Top education trends in SE Asia for 2022 | Jack Brazel, Head of Business Partnerships - Turnitin Southeast Asia

LEARNING institutions in Southeast Asia (SEA) needed to pivot to virtual classroom settings and leverage on remote learning tools to accommodate learners and ensure education is delivered everywhere, despite the health crisis. They used technology to navigate abrupt changes and implemented strategies to minimize learning loss amid unprecedented school shutdowns.

With governments rolling out recovery plans and ramping up vaccination, economies across the globe are beginning to reopen. However, education systems in SEA will approach face-to-face learning more cautiously as new Covid-19 variants are discovered. Thus, institutions will continue to explore online learning models and incorporate new technologies which will assist educators and learners in maintaining continuity and building capacity to help them thrive in an ever-changing environment.

As learning institutions respond to the evolving needs of both students and educators while navigating uncertainties posed by the health crisis, here are top trends that will shape the region’s education systems in 2022:

Pivot to hybrid learning: As businesses implement remote working arrangements, academic institutions will leverage on the concept and embrace the remote learning setting. The pandemic has transformed the education system and taught institutions to be more flexible by considering various teaching models—provided learning objectives are still met. In 2022 education institutions will be offering options to students to be on-campus or choose some level of hybrid learning. Moreover, this pivot to hybrid strategy will not only attract and retain students, but also pave the way for the rise of microcredential courses, which will urge workers to seek reskilling and upskilling.

Reliance on technology in line with adoption of hybrid learning: Throughout the pandemic, technology has served as an enabler, as well as played a crucial role in student engagement and learning efficiency. To increase capacity and address challenges of hybrid learning, it’s crucial for education institutions to invest in technology. Accessibility of resources will be a key focus, and schools will utilize new tools to enhance communication and collaboration. This will trigger initiatives to improve information-technology (IT) infrastructure in learning-management systems, Internet connectivity, and learning resources. Also, schools will look to revitalize their learning design strategy to ensure their online courses and digital pedagogies are purposely-fit.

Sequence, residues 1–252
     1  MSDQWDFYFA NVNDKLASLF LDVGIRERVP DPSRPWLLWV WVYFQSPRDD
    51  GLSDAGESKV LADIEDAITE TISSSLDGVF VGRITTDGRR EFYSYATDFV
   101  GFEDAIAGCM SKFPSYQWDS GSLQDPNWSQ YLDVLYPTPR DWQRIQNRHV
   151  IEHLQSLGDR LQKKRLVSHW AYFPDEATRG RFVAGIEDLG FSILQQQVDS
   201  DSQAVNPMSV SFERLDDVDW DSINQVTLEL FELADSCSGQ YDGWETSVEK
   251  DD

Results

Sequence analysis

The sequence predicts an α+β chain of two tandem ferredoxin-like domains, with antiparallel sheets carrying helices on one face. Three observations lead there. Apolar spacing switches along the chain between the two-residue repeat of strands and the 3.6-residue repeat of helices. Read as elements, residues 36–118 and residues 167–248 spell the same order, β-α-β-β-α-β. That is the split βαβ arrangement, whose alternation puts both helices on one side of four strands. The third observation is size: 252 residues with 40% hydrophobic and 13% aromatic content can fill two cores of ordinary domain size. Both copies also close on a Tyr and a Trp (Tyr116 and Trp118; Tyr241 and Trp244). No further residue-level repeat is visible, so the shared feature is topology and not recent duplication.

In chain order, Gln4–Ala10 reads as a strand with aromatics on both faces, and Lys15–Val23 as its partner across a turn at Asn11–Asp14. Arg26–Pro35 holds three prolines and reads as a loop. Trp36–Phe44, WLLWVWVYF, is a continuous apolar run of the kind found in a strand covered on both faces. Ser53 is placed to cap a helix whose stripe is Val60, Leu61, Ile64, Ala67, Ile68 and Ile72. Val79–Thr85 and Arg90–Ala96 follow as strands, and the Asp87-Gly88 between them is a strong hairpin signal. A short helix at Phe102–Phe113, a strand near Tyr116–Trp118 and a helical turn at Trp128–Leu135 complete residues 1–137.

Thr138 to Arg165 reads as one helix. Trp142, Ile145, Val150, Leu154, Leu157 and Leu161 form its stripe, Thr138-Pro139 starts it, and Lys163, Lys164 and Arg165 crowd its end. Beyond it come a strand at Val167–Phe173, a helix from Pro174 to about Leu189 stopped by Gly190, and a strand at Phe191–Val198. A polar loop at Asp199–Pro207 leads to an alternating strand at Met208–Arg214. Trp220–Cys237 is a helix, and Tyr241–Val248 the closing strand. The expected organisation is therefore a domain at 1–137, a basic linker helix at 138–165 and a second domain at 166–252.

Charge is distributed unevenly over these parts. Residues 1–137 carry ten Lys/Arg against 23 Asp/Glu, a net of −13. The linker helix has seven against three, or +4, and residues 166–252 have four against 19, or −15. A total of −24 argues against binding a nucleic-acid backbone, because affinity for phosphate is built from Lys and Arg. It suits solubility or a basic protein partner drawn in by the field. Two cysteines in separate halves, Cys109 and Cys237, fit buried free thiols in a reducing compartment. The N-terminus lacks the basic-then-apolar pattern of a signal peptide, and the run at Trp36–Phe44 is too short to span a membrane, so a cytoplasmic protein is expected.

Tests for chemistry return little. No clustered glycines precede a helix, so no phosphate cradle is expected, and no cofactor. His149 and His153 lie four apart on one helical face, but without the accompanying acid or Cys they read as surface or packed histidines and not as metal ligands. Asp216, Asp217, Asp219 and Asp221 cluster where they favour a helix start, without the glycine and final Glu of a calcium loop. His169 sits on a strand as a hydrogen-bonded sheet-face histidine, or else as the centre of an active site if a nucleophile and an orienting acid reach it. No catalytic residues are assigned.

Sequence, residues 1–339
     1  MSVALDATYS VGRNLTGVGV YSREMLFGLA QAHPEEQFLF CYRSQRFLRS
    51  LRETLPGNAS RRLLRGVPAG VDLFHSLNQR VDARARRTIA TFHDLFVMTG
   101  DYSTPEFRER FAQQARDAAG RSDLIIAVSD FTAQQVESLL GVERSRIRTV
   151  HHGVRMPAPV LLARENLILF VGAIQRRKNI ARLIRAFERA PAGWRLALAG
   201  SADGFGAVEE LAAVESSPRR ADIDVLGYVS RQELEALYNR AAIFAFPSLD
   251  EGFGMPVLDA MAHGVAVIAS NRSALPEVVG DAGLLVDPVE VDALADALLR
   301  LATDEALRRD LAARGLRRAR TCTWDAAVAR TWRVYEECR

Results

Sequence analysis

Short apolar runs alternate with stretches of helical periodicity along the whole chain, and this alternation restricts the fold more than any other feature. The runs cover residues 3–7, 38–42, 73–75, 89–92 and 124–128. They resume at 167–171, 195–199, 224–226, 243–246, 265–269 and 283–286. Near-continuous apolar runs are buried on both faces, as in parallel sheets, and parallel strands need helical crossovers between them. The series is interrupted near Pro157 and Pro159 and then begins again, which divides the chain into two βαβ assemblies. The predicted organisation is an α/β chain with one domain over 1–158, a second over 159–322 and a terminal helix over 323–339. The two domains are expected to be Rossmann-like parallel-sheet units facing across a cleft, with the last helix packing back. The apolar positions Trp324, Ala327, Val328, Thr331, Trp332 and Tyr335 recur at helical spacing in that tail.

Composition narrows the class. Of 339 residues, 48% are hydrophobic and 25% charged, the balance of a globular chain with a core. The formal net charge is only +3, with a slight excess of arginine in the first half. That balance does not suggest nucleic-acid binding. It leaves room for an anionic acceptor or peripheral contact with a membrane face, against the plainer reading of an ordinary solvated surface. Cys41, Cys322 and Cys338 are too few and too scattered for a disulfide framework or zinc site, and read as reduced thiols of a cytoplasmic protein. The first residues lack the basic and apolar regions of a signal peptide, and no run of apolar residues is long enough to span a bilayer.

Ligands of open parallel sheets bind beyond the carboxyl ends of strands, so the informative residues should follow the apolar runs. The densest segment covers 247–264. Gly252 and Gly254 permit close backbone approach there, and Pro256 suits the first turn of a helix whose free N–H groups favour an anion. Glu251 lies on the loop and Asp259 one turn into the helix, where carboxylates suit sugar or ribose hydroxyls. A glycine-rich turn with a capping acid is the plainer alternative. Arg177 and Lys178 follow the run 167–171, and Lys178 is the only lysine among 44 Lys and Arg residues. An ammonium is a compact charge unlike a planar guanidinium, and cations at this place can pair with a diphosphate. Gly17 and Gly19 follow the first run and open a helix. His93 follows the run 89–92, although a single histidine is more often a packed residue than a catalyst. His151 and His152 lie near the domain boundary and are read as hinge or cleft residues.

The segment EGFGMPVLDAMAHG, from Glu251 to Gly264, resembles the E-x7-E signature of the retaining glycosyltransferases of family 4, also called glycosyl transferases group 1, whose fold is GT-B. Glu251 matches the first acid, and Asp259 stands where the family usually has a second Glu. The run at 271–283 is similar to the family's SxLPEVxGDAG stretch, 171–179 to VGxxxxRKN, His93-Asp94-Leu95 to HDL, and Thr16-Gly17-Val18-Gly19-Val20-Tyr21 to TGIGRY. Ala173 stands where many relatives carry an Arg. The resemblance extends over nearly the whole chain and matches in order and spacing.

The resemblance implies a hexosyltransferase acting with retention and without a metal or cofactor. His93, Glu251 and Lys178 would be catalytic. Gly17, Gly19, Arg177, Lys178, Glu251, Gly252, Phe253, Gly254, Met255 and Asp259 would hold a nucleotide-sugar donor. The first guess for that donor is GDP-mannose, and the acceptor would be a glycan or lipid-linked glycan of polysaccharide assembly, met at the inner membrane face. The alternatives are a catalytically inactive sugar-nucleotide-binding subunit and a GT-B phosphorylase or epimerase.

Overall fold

Increased attention on equitable access to resources and technology to empower students: Lessons and assessments originally designed for in-person classes were modified in haste to fit remote learning settings. Moreover, in less developed parts of the region, unreliable IT infrastructure and inequitable access to technology have hampered the implementation of remote learning during the pandemic. Faced with limited resources and increased pressure to meet learning objectives, it has led some students to feel overwhelmed and even resort to academic misconduct such as plagiarism or contract cheating. Moving forward, learning institutions and governments in the region will introduce changes to education systems to improve equal access to technology and resources, to ensure no student is left behind.

Personalization of education for improved learner experience: With the use of educational technology supporting the switch to hybrid learning, there is a chance to personalize and create a learner-focused experience. To achieve this, schools and universities must harness software-learning analytics to identify patterns of student performance. Real-time data tracking of knowledge mastery or gaps during both high- and low-stakes online assessment allows for timely, meaningful feedback and helps guide instruction methods. Equipped with such up-to-date insights, educators can reduce the risk of students falling behind. Indeed, extracting the value of this data is key to building more personalized learning plans in Southeast Asia that better meet the needs of individual learners.

Assessments will evolve to support the changing landscape: They have not changed significantly for years; however, the pandemic has forced learning institutions to rethink their approach. On the agenda is the design of more authentic, robust assessments and learning activities that can fully engage students in both the online space and hybrid modes. As assessments move away from merely assigning grades, their design and interpretation will also integrate methods to identify how and when learning occurs, as well as assist educators in providing effective feedback to students and improve lesson designs, instructional approaches, plus curriculum.

The profound changes due to the pandemic have triggered a rethinking of the traditional methodologies employed to educate students within the system. With increased focus on enhancing the learner experience and the advent of digital technologies to improve learning modalities, we will see more opportunities to innovate, enabling education systems to respond to the needs of the modern world.

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